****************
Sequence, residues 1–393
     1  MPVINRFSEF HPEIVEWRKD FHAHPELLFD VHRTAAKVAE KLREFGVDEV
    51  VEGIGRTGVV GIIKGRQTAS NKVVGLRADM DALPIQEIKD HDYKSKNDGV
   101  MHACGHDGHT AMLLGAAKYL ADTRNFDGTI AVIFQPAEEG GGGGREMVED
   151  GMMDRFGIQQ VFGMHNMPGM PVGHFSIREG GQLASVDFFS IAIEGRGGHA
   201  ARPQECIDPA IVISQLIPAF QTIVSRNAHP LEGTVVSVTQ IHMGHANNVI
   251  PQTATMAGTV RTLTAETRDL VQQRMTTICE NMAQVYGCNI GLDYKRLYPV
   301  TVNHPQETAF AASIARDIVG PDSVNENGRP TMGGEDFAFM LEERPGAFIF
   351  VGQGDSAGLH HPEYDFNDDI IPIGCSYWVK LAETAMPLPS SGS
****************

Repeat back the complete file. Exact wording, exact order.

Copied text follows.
Sequence, residues 1–393
     1  MPVINRFSEF HPEIVEWRKD FHAHPELLFD VHRTAAKVAE KLREFGVDEV
    51  VEGIGRTGVV GIIKGRQTAS NKVVGLRADM DALPIQEIKD HDYKSKNDGV
   101  MHACGHDGHT AMLLGAAKYL ADTRNFDGTI AVIFQPAEEG GGGGREMVED
   151  GMMDRFGIQQ VFGMHNMPGM PVGHFSIREG GQLASVDFFS IAIEGRGGHA
   201  ARPQECIDPA IVISQLIPAF QTIVSRNAHP LEGTVVSVTQ IHMGHANNVI
   251  PQTATMAGTV RTLTAETRDL VQQRMTTICE NMAQVYGCNI GLDYKRLYPV
   301  TVNHPQETAF AASIARDIVG PDSVNENGRP TMGGEDFAFM LEERPGAFIF
   351  VGQGDSAGLH HPEYDFNDDI IPIGCSYWVK LAETAMPLPS SGS